Waffles cooked at the medium setting will give you a browned waffle but still give you an inside that can soak in flavors from toppings and intensify the waffles' flavor themselves.
Waffles cooked at high temperatures will be browned and very crispy, almost like toast, and bring out the flavor of the melted butter. You can choose this setting for slightly darker golden-brown waffles that add a nice crunchy texture to the flavors you add through toppings.
If you use a stovetop cast iron waffle iron, you are in luck. Stoves have similar settings to the settings knobs on electric waffle makers. Therefore, the same guidelines generally apply as they do to electric waffle makers. You should, however, pay extra attention to preheating your cast iron waffle maker.
While these guidelines apply to most commercial electric waffle makers, there is one more method for preparing waffles, specifically frozen waffles. Many home cooks use their air fryers for frozen waffles.
The guidelines are specific for cooking with this method. Set your air fryer at 350 to 370 degrees Fahrenheit and cook the waffles for three minutes on each side.
Let the Waffle Maker Fully Heat Up Before Pouring in the Batter
Most commercial electric waffle irons have two lights that you can use to tell if your waffle maker has reached the correct temperature. Common electric waffle makers, such as Oster or Cuisinart, have two lights: red and green.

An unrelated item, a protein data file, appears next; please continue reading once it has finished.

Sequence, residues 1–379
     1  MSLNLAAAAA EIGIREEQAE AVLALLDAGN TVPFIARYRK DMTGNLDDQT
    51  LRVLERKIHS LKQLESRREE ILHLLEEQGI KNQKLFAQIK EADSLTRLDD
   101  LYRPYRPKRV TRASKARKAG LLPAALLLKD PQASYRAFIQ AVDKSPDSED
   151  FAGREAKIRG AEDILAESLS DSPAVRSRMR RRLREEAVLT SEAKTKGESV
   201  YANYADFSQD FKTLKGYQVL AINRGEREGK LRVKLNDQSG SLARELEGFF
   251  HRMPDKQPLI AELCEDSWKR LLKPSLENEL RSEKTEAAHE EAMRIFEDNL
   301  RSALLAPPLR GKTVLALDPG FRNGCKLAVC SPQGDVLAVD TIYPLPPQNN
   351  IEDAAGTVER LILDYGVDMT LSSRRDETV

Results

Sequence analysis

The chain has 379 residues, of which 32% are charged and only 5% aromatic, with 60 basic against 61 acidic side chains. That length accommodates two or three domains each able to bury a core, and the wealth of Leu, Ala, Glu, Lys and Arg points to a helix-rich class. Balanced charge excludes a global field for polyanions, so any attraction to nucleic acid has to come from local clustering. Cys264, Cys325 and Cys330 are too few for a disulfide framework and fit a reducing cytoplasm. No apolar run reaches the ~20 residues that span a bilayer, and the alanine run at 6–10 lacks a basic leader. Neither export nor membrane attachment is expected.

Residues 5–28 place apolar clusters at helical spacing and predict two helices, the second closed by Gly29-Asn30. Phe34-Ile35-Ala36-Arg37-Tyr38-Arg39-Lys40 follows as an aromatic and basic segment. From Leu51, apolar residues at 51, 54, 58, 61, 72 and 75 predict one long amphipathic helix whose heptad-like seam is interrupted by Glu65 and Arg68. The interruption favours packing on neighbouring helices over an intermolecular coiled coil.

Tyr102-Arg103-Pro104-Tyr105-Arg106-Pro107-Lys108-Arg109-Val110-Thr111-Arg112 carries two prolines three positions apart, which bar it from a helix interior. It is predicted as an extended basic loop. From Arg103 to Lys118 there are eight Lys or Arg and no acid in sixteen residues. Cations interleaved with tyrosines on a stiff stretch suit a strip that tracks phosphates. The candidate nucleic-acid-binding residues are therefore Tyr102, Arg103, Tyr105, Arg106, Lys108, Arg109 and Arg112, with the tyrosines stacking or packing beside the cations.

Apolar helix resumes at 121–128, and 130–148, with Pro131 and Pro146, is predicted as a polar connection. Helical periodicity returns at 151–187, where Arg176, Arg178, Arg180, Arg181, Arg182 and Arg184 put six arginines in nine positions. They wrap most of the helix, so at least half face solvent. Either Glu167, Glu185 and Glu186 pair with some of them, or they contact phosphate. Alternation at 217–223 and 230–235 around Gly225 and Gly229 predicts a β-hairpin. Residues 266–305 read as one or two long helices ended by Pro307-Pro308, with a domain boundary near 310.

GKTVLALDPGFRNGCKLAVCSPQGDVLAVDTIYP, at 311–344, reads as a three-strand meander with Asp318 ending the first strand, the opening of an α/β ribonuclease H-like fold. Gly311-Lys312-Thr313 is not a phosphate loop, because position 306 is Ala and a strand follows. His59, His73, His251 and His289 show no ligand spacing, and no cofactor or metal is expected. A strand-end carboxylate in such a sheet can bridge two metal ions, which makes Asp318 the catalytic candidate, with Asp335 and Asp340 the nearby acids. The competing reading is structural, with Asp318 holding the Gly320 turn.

These lights function like traffic lights. Red means "stop" or "not ready" while green means that the waffle maker has reached the right temperature.
If you do not trust these lights, there are other ways to test if your waffle maker is at the right temperature. Infrared (IR) temperature sensors can help you see the precise temperature of your waffle iron. Or you can throw drops of water on the iron to see if they evaporate. This method helps you see quickly if your waffle maker has reached the correct temperature for your desired style.
Preheating waffle irons helps your waffles cook correctly. If you can heat your waffle iron or waffle maker with the iron closed for ten minutes before you cook your waffles, it will make a difference in cooking them correctly and according to your tastes. This is because adding the waffle batter drops the waffle iron's temperature.
Thus, preheating a waffle iron allows its temperature to reach slightly above the cooking temperature at which your waffles will complete their cooking. It will also help your waffle maker reach the optimal temperature faster.
When adding the batter and the temperature drops after preheating, the temperature on both sides of the iron drops to the same temperature. When not preheated, both sides of the iron or maker heat differently. Uneven cooking will follow and can result in one side being burnt and charred while the other is undercooked.